Tolstoy: “The Death of Ivan Ilyich”

Leo Tolstoy’s short novel, The Death of Ivan Ilyich, provides a great introduction to understanding the connection between death and the meaning of life. It tells the story of a forty-five-year-old lawyer who is self-interested, opportunistic, and busy with mundane affairs. He has never considered his own death until disease strikes. Now, as he confronts his mortality, he wonders what his life has meant, whether he has made the right choices, and what will become of him. For the first time, he is becoming … conscious.

The novel begins a few moments after Ivan’s death, as family members and acquaintances have gathered to mark his passing. These people don’t understand death, because they cannot really comprehend their own deaths. For them, death is something objective that is not happening to them. They see death as Ivan did all his life, as an objective event rather than a subjective existential experience. “Well isn’t that something—he’s dead, but I’m not, was what each of them thought or felt.”[i] They only praise God that they are not dying, and immediately consider how his death might be to their advantage in terms of money or position.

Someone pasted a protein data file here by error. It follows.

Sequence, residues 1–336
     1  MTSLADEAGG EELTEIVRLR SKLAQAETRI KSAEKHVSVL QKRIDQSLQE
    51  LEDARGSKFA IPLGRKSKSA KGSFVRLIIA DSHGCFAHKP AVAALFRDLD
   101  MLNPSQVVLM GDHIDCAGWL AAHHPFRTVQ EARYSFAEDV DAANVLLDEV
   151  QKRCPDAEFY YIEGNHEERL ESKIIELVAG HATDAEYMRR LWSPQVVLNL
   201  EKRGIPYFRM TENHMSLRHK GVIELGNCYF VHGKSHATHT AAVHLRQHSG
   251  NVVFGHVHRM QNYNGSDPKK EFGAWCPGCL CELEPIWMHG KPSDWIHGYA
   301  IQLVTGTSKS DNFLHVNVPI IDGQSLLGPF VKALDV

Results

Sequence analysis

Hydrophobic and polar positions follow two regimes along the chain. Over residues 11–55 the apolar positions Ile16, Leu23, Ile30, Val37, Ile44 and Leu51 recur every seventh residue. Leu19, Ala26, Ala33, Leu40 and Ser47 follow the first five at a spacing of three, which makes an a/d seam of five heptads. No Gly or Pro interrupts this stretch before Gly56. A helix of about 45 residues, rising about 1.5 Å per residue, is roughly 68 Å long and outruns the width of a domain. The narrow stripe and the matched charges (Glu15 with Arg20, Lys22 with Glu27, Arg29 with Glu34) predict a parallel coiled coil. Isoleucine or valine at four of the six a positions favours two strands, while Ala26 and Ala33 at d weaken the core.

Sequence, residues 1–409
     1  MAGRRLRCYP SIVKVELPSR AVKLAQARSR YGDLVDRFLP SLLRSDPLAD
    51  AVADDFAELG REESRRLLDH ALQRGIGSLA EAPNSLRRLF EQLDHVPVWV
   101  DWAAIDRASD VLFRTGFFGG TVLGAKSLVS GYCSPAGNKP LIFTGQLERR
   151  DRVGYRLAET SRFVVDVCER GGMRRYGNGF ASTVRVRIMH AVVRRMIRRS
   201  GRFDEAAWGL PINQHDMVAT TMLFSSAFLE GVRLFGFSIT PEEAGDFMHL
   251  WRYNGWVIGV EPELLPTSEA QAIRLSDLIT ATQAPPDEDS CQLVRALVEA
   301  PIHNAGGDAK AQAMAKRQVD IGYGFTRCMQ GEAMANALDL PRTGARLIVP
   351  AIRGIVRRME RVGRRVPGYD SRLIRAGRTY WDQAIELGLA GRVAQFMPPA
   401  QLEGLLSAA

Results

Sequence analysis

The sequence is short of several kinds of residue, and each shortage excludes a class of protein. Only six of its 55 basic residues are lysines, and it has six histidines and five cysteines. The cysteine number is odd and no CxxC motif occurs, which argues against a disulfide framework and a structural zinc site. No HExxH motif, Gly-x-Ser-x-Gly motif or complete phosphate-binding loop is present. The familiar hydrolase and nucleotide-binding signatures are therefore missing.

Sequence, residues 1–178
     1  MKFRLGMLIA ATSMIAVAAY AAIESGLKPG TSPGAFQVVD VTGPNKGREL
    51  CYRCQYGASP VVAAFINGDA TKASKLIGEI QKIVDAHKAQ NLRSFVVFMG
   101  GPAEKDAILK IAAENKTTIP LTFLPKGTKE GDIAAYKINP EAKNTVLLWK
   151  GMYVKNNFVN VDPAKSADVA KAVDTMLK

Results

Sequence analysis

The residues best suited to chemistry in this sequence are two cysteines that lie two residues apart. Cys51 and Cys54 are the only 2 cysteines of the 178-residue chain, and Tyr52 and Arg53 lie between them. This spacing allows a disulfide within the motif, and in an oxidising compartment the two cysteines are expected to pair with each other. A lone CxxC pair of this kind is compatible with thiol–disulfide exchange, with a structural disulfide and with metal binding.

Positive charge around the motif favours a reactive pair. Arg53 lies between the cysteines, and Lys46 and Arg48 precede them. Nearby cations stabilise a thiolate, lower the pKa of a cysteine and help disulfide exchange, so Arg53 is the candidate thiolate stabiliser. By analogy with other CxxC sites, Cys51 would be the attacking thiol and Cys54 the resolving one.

The novel then takes us back thirty years to the prime of Ivan’s life. He lives a life of mediocrity, studies law, and becomes a judge. Along the way he expels all personal emotions from his life, doing his work objectively and coldly. He is a strict disciplinarian and father figure, the quintessential Russian head of the household. Jealous and obsessed with social status, he is happy to get a job in the city where he buys and decorates a large house. While decorating he falls and hits his side, an accident that will facilitate the illness that eventually kills him. He becomes bad-tempered and bitter, refusing to come to terms with his own death. As his illness progresses a peasant named Gerasim stays by his bedside, becoming his friend and confidant.